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The Groove Nashville

Over the past five years, Andrés Aparicio, known mononymously as Andrés, has become a household name in the progressive post-hardcore scene. Having collaborated with heavy hitters like Strawberry Girls, Webmoms and Kurt Travis, Andrés's music has not only won over the fans, it's become part of standard rotation on many of his musical peers playlists. Though some fans' exposure to this quirky songwriter may have been through other bands, his solo music certainly holds it's own right next to the immense talent in the scene. On his fourth full-length album, Adventures Of A Diy Astronaut, Andrés takes us on a theatrical romp that incorporates the major tenets of his core scene (jazz stylings, math rock, post-hardcore), as well as elements of mainstream pop, musical theater, hip-hop and cheeky nods to artists like Fall Out Boy, who originally inspired him to become a musician. It's autobiographical, playful, sometimes awkwardly honest and often downright comedic. Andrés turns real-life experience to fable and doesn't take himself too seriously while doing it, creating a truly welcoming, relatable experience that could become a staple at your next dance party.
Over the past five years, Andrés Aparicio, known mononymously as Andrés, has become a household name in the progressive post-hardcore scene. Having collaborated with heavy hitters like Strawberry Girls, Webmoms and Kurt Travis, Andrés's music has not only won over the fans, it's become part of standard rotation on many of his musical peers playlists. Though some fans' exposure to this quirky songwriter may have been through other bands, his solo music certainly holds it's own right next to the immense talent in the scene. On his fourth full-length album, Adventures Of A Diy Astronaut, Andrés takes us on a theatrical romp that incorporates the major tenets of his core scene (jazz stylings, math rock, post-hardcore), as well as elements of mainstream pop, musical theater, hip-hop and cheeky nods to artists like Fall Out Boy, who originally inspired him to become a musician. It's autobiographical, playful, sometimes awkwardly honest and often downright comedic. Andrés turns real-life experience to fable and doesn't take himself too seriously while doing it, creating a truly welcoming, relatable experience that could become a staple at your next dance party.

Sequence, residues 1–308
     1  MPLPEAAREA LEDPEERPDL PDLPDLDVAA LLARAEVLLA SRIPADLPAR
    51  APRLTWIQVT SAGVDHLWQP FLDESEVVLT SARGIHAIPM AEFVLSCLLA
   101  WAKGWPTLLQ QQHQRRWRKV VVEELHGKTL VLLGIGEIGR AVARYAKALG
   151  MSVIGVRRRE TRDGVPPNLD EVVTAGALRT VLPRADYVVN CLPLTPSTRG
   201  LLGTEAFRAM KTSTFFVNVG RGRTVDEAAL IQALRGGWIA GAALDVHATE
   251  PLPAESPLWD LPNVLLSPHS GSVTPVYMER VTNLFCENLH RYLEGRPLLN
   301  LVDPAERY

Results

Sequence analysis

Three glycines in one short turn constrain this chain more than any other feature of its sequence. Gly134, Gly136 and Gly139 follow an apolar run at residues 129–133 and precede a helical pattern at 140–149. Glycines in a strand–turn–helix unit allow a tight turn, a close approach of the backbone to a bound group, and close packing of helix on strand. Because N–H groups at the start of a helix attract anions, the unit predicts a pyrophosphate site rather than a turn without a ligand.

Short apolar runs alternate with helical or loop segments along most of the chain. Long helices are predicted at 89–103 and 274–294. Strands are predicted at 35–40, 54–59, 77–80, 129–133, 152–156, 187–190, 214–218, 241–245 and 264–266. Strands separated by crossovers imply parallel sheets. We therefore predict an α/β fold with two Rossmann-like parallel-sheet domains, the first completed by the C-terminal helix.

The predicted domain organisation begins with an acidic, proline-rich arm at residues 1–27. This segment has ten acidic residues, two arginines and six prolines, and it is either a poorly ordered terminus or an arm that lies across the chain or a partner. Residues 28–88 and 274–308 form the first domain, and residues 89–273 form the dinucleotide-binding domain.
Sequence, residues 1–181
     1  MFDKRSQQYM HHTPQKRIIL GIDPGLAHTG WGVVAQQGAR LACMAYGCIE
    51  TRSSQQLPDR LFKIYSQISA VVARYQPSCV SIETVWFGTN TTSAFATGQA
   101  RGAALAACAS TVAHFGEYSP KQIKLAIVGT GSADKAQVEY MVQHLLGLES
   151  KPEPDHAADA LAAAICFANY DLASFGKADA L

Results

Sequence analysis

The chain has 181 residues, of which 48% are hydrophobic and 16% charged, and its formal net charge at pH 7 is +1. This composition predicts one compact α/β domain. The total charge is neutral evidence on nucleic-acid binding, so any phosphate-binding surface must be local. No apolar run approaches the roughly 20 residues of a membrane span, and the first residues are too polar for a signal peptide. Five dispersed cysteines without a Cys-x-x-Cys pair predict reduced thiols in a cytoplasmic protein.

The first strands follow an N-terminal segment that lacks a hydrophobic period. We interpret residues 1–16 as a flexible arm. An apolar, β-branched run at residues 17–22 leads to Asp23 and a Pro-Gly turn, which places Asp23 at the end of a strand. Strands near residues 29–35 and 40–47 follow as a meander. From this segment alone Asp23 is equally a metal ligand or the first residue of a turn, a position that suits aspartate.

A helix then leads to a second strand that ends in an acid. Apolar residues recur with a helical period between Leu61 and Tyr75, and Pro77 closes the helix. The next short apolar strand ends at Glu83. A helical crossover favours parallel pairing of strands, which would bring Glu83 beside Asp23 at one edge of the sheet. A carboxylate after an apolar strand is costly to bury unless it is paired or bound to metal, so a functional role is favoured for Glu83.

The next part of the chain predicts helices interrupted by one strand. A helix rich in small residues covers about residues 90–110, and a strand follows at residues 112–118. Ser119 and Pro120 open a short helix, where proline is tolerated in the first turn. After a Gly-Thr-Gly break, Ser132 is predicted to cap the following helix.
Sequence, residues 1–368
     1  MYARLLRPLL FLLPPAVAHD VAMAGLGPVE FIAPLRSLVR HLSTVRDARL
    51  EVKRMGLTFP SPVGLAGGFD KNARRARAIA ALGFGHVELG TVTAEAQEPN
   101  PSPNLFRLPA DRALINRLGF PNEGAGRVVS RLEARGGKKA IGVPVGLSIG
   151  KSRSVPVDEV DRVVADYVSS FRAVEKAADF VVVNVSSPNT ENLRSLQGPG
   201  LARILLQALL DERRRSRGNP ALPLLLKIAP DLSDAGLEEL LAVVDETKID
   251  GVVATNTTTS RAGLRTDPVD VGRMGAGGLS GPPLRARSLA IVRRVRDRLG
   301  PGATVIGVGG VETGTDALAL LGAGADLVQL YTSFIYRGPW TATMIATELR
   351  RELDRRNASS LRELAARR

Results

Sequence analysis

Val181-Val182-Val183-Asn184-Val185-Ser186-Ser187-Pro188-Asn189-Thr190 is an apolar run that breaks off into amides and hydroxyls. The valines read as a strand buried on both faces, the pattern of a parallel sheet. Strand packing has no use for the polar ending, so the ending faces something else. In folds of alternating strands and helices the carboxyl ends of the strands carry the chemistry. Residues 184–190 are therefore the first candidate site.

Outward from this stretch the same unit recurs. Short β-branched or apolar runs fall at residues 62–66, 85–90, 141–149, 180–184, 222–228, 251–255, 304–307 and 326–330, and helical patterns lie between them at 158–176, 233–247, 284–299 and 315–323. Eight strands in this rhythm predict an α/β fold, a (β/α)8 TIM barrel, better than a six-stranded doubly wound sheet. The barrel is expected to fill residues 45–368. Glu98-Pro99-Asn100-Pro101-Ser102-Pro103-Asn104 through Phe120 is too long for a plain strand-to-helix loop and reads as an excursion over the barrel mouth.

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Over the past five years, Andrés Aparicio, known mononymously as Andrés, has become a household name in the progressive post-hardcore scene. Having collaborated with heavy hitters like Strawberry Girls, Webmoms and Kurt Travis, Andrés's music has not only won over the fans, it's become part of standard rotation on many of his musical peers playlists. Though some fans' exposure to this quirky songwriter may have been through other bands, his solo music certainly holds it's own right next to the immense talent in the scene. On his fourth full-length album, Adventures Of A Diy Astronaut, Andrés takes us on a theatrical romp that incorporates the major tenets of his core scene (jazz stylings, math rock, post-hardcore), as well as elements of mainstream pop, musical theater, hip-hop and cheeky nods to artists like Fall Out Boy, who originally inspired him to become a musician. It's autobiographical, playful, sometimes awkwardly honest and often downright comedic. Andrés turns real-life experience to fable and doesn't take himself too seriously while doing it, creating a truly welcoming, relatable experience that could become a staple at your next dance party.
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